Searching over 5,500,000 cases.


searching
Buy This Entire Record For $7.95

Official citation and/or docket number and footnotes (if any) for this case available with purchase.

Learn more about what you receive with purchase of this case.

In re Altick

UNITED STATES BANKRUPTCY APPELLATE PANEL OF THE NINTH CIRCUIT


November 13, 2012

IN RE: HARRY PALMER ALTICK, DEBTOR.
HARRY PALMER ALTICK, APPELLANT,
v.
LINDA S. GREEN, CHAPTER 7 TRUSTEE, APPELLEE.

Appeal from the United States Bankruptcy Court for the Northern District of California Honorable Alan Jaroslovsky, Chief Bankruptcy Judge, Presiding Bankr. No. 08-10419

MEMORANDUM*fn1

Argued and Submitted on October 18, 2012 at San Francisco

Before: PAPPAS, MARKELL and HOLLOWELL, Bankruptcy Judges.

Appellant Harry Palmer Altick ("Altick") appeals the order of the bankruptcy court sustaining the objection of chapter 7*fn2 trustee Linda S. Green ("Trustee") to Altick's claim of exemption. We AFFIRM.

FACTS

Altick is a senior investment advisor for Sperry van Ness/Commercial Realty Group, specializing in the sale of multifamily and office properties in Sonoma, Marin and Alameda counties. He has over thirty-three years of experience in such sales. Altick also personally invests in these properties.

Apparently, Altick's investments in certain properties had rapidly declined in value by 2008 and he was forced to file for bankruptcy. He was also involved in proceedings in state court at that time for the division of marital property with his former spouse. One of his investments was a 50 percent member's interest in Gold Dome, LLC ("Gold Dome"). Gold Dome owned a luxury home and three adjacent lots in Cabo San Lucas, Baja California Sur, Mexico. On March 11, 2008, the state court judge ordered the sale of Altick's interest in Gold Dome for $350,000. A wire transfer of $350,000 was sent that day from the purchaser, Sidney Ingram, to the special account authorized by the state court.

The sale was stopped when, that same day, Altick filed a petition for relief under chapter 11. According to the disclosures in Altick's original bankruptcy schedule B, he owned 50 percent of the equity in Gold Dome; he valued Gold Dome at $3 million with $960,000 in debt. Altick valued his member's interest in the LLC as "unknown." He did not claim an exemption in this interest; however, Altick did claim a homestead exemption under Cal. Code Civ. P. § 704.950 in his residential real property in Greenbrae, California. Altick's schedule F listed $43,115.95 in priority unsecured claims, and $423,073.14 in general unsecured claims.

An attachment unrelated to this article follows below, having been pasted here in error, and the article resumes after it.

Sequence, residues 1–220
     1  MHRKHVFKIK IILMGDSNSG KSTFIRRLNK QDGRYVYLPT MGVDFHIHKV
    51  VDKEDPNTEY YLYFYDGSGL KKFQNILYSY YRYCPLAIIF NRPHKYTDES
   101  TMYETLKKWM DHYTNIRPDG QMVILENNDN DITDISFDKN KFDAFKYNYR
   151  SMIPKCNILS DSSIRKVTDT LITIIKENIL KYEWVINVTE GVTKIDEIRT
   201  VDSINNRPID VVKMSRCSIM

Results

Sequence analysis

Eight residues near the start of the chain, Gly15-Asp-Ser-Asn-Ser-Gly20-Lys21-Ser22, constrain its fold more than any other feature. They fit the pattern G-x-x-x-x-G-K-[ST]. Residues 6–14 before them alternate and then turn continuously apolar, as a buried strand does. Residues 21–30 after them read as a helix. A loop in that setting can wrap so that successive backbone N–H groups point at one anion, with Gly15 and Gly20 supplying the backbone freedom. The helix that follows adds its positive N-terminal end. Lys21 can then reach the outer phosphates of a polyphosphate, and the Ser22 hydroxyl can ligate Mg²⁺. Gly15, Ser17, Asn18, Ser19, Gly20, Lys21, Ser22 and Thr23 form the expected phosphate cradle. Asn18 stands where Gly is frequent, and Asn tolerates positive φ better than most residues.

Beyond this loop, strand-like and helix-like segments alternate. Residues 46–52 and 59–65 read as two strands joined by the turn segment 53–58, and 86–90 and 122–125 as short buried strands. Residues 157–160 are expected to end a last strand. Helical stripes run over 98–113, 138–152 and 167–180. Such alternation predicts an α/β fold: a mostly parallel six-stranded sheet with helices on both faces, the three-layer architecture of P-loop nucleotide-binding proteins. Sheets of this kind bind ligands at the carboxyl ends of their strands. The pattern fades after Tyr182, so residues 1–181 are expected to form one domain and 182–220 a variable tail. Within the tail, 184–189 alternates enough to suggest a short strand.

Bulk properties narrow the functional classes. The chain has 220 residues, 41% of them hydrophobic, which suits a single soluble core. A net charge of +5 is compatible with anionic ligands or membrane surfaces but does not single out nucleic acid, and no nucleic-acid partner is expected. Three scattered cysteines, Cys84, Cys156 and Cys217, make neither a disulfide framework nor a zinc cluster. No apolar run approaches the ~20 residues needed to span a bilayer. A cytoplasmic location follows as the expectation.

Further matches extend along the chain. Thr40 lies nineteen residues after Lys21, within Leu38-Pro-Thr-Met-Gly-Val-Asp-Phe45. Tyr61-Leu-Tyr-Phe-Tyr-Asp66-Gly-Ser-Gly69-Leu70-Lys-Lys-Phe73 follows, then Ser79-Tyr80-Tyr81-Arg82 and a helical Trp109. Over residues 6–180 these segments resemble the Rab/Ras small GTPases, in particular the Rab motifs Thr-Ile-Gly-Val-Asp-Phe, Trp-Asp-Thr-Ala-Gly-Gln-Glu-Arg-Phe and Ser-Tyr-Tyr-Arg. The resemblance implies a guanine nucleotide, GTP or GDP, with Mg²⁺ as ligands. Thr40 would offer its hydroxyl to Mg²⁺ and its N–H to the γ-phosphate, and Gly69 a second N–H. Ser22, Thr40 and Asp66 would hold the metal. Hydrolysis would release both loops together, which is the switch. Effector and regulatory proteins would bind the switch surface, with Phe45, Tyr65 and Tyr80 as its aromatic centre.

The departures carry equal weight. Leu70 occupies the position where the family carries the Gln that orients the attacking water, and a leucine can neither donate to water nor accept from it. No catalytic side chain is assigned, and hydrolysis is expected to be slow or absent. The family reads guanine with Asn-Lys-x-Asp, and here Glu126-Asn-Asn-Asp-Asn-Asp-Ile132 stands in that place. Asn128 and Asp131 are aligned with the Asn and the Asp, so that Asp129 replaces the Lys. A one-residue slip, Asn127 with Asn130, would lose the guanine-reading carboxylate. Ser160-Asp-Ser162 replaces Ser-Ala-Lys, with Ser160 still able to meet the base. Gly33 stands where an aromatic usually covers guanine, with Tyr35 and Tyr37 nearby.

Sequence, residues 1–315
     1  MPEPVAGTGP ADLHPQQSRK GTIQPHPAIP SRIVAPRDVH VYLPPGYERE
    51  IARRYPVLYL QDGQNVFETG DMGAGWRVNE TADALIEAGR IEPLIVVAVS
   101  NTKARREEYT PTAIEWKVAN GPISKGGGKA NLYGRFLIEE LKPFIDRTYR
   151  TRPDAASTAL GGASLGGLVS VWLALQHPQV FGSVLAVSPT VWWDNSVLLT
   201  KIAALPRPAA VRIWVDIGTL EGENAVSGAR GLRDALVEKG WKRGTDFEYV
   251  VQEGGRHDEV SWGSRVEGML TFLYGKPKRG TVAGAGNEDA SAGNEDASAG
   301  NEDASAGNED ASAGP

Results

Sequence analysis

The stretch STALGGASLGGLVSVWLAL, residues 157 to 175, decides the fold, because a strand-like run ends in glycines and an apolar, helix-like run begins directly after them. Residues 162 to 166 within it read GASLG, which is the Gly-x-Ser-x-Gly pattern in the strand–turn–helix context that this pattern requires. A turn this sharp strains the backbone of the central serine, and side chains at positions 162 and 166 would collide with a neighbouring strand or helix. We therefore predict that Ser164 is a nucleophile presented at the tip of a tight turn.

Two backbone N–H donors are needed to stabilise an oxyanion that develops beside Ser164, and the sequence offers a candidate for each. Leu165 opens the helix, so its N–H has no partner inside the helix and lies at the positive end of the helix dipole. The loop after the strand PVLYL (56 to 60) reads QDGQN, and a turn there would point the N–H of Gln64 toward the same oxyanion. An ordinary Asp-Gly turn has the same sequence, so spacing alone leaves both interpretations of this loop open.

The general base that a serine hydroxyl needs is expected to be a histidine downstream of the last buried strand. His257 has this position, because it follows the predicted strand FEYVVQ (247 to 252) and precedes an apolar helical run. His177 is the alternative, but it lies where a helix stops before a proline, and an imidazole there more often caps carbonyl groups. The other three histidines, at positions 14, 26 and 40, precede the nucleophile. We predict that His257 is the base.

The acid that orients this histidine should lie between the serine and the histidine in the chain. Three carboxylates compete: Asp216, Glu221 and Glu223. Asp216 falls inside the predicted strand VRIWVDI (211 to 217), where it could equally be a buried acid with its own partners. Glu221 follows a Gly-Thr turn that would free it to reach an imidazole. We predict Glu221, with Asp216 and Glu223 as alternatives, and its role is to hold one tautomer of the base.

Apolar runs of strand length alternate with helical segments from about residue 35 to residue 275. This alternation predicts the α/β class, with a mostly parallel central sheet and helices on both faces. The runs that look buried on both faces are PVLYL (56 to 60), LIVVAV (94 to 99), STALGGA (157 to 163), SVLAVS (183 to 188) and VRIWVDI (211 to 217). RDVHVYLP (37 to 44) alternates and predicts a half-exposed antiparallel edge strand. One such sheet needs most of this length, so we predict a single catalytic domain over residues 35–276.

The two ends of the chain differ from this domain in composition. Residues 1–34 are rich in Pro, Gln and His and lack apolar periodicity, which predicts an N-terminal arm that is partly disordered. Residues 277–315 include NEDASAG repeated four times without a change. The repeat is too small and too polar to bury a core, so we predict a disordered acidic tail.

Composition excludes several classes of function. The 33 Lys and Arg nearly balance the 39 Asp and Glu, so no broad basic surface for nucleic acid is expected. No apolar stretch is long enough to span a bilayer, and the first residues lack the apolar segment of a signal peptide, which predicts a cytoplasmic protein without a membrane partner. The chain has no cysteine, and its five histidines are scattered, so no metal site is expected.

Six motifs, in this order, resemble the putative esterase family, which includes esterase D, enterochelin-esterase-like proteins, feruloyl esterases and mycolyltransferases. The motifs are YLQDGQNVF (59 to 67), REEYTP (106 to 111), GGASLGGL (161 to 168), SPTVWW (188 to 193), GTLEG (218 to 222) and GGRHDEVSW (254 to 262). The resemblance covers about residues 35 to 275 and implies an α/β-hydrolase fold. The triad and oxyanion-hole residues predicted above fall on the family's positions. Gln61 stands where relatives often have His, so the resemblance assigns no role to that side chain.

On February 9, 2009, Altick filed a proposed chapter 11 plan and disclosure statement. The plan provided for payments of $43,200 to unsecured creditors, which presumably would all go to the priority unsecured claims, with nothing to the general unsecured claims. Altick's disclosure statement also stated: "The alternative liquidation in chapter 7 would likely net no distribution to unsecured creditors as set forth in the Liquidation Analysis attached hereto as Exhibit A." The liquidation analysis predicted a negative $26,400 for distribution after a hypothetical liquidation of Altick's nonexempt assets. Among the listed assets was Altick's member's interest in Gold Dome, which he indicated had a value of $900,000, debts of $960,000, no exemption, and no net equity. This disclosure statement, with a minor amendment not affecting the Gold Dome analysis, was approved by the bankruptcy court on February 24, 2009. The plan was confirmed by the bankruptcy court on April 20, 2009.

The United States Trustee ("UST") moved to dismiss or convert Altick's chapter 11 case to one under chapter 7 on January 27, 2011. The UST informed the bankruptcy court that Altick had failed to pay accrued UST fees, and alleged Altick was not current on payments under the plan. Altick filed a voluntary motion to convert the case to chapter 7 on March 4, 2011, admitting that he could not make the required payments under the confirmed plan. The bankruptcy court ordered conversion to chapter 7 the same day. Ms. Green was appointed to serve as chapter 7 trustee.

Altick was examined at a § 341(a) meeting of creditors on April 20, 2011. In response to Trustee's request for information about Gold Dome, Altick testified that:

It is a limited liability company that I own -- I have a 50 percent interest. Unfortunately, the property in Cabo which is -- the real estate has been a negative cash flow every year, and that market I have been told by the brokers has a 45-year supply of inventory of properties for sale, and things are not selling. So, in my opinion, I have really no equity in that property, or the LLC.

§ 341(a) Hr'g Tr. 4:20--5:2, April 20, 2011. Based on Altick's denial of equity in Gold Dome and other assets, Trustee filed a Notice of No Distribution on April 22, 2011.

Shortly after filing the No Asset report, Trustee was contacted by the other members of Gold Dome, Patrick and Yolanda Lopez, who offered to purchase the bankruptcy estate's interest in Gold Dome for $10,000. Trustee filed a motion to approve the sale on May 20, 2011 (the "Sale Motion").

Two weeks later, on June 2, 2011, Altick filed an Amended schedule C, and for the first time claimed a $21,000.00 "wildcard" exemption in his interest in Gold Dome under Cal. Code Civ. Proc. § 703.140(b)(5), listing the value of the asset as "Unknown." The amended schedule also omitted, and presumably withdrew, the homestead exemption Altick had previously claimed on the Greenbrae property. Altick also objected to the Sale Motion.

Trustee objected to Altick's attempt to amend his claim of exemptions on June 8, 2011 (the "Exemption Objection"). Trustee argued that Altick had acted in bad faith by filing the amended schedule C only after he learned that his interest in Gold Dome would be sold by Trustee. Trustee suggested that creditors, who relied on Altick's statements in the disclosure statement in the chapter 11 case that all his assets were declining in value, would be prejudiced by allowing the amended exemption claim. Finally, Trustee argued that under this Panel's ruling in In re Wolfberg, 255 B.R. 879 (9th Cir. BAP 2000), Altick could not amend his claim of exemption after the confirmation of his plan because the plan had the preclusive effect of a final judgment.